Veteran Israeli producers Menahem Golan and Yoram Globus hit the Palais des Festivals this evening for the Cannes Classics premiere of Hilla Medalia’s documentary The Go-go Boys, charting the rise and fall of their infamous indie studio the Cannon Group.

“Cannes owes us big time. We helped put the festival on the map as a place to do business so it’s nice to be getting this screening at the Palais,” says Golan.

Throughout the 1980s, the Israeli cousins, or Go-go Boys as they were known, were a notorious sales force on the Croisette, operating out of the Carlton Hotel, where they pioneered the art of the pre-sale and slate deal.

“In the mid-1980s, they used to call Cannes the Cannon Film Festival. The buyers loved us because we did a lot of promotions and parties and screenings in the Palais, ” says Globus.

“The first time we came to Cannes was in 1964-5. We went to sell black-and-white, Hebrew-language movies,” adds Globus. “Did we sell them? Of course we did, we always sell. In the 60s we worked out of the lobby of the Martinez, then we moved to the Carlton, first basing ourselves in the lobby and on the terrace and then out of suite 241 for about 20 years.”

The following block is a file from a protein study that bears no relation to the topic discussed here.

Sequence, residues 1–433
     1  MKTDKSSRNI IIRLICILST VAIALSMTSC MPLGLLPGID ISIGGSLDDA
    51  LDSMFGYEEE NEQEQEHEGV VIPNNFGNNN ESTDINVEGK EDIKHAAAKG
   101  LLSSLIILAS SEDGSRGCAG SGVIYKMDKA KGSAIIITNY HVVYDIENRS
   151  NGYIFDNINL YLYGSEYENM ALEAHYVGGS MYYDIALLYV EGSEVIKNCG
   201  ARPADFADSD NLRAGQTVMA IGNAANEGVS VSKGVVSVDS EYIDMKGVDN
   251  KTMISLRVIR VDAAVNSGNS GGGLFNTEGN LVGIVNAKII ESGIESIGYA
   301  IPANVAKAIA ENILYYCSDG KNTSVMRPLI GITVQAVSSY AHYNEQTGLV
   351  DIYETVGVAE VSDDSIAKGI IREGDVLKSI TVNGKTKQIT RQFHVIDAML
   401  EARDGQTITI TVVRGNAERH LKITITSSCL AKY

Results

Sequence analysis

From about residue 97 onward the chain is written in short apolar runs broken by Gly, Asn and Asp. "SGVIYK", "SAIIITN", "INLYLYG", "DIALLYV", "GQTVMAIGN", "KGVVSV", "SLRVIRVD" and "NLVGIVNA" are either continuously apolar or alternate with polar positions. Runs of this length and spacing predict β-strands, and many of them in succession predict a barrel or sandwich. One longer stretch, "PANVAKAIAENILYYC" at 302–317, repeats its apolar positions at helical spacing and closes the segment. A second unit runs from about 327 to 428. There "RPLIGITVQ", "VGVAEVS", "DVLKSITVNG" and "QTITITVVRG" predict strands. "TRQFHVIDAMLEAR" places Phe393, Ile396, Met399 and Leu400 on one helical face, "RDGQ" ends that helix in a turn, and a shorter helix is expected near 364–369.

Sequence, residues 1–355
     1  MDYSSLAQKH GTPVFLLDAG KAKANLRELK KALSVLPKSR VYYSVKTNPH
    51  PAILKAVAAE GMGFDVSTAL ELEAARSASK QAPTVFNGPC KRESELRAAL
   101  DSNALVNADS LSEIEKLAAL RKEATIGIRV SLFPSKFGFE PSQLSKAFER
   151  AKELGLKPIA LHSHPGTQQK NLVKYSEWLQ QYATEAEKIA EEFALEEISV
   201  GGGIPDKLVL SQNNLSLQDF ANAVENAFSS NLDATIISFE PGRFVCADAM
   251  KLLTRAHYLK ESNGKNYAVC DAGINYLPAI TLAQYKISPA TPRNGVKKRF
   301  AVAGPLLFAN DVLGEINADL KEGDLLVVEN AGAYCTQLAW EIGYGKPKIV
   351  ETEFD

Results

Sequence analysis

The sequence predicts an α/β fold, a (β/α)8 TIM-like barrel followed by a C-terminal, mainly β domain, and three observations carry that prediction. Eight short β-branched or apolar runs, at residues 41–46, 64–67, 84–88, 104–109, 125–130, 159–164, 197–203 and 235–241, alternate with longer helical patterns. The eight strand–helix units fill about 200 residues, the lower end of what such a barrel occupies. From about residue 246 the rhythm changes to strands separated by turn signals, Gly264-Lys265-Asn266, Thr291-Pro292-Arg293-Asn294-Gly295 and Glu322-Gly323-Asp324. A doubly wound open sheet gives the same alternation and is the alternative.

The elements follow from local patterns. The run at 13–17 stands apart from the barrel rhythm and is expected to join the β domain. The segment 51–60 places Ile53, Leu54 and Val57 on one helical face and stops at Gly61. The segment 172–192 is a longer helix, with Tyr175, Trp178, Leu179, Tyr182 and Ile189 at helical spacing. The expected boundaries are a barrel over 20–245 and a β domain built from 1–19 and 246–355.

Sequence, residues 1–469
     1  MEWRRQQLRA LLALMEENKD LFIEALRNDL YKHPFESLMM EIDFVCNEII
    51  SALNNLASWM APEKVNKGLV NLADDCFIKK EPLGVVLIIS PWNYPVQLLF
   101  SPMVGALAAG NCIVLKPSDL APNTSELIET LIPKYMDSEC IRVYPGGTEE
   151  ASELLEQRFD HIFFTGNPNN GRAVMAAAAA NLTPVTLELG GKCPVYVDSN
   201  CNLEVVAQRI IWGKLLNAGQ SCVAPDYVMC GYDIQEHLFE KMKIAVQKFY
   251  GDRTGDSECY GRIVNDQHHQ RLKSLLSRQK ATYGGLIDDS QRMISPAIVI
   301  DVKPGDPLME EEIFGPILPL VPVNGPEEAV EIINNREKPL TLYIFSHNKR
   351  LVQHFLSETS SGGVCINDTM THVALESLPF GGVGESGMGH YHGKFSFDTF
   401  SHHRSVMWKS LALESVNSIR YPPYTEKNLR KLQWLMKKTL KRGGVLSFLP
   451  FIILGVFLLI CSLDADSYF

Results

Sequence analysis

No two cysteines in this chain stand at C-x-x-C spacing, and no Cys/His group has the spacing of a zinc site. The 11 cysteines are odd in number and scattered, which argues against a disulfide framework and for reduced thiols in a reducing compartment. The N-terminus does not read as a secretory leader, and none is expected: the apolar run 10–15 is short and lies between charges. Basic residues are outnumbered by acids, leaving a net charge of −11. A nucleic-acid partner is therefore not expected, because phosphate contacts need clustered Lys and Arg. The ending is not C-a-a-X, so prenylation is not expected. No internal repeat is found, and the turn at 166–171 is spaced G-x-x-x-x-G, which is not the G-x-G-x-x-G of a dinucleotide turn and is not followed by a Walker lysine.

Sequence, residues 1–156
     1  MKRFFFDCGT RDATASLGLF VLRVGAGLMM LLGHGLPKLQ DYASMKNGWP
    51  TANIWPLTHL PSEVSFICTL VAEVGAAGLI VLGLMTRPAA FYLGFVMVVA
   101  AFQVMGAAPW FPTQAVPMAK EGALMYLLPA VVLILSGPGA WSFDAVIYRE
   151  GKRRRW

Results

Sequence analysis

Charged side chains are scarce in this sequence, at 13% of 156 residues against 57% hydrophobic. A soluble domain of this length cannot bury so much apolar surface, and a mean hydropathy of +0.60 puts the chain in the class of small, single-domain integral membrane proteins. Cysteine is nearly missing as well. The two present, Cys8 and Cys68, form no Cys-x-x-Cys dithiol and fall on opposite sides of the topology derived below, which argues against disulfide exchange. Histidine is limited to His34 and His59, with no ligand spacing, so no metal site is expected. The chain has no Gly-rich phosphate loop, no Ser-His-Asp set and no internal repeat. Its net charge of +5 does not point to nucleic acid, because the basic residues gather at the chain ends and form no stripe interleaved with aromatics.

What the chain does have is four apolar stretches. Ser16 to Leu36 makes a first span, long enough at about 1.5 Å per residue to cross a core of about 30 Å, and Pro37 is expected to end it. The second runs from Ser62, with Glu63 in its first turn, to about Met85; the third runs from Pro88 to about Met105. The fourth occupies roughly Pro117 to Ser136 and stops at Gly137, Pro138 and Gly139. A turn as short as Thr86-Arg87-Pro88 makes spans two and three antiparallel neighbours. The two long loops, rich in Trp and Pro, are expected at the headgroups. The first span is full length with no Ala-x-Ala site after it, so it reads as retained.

The Cannon Group is mostly remembered for its action B-pictures but the company also financed a fair amount of art-house fare too, producing the films of Jean-Luc Godard, John Cassavetes and Franco Zeffirelli.

“The action movies paid for the art-house movies,” says Golan, says one of his proudest Cannes’ moments was bringing Andrey Konchalovsky’s Runaway Train to Cannes in 1986.

“We had five films in competition that year,” notes Globus. “We always had a lot of films. I had a partner who liked to do movies and always said “yes” to everyone… it was one of the reasons we split. I wanted to do cut the number of films and raise the quality but Menahem just kept making more and more movies.”

It’s been nearly 20 years now since The Go-go Boys have sold a film on the Croisette but remaining true to form 84-year-old Golan is hoping to drum up some finance for his upcoming film Snipers, a $10m project about American soldiers in Afghanistan.

“We could shoot it in Israel or Afghanistan. We have a script and hope to sign big stars. I will direct,” he says.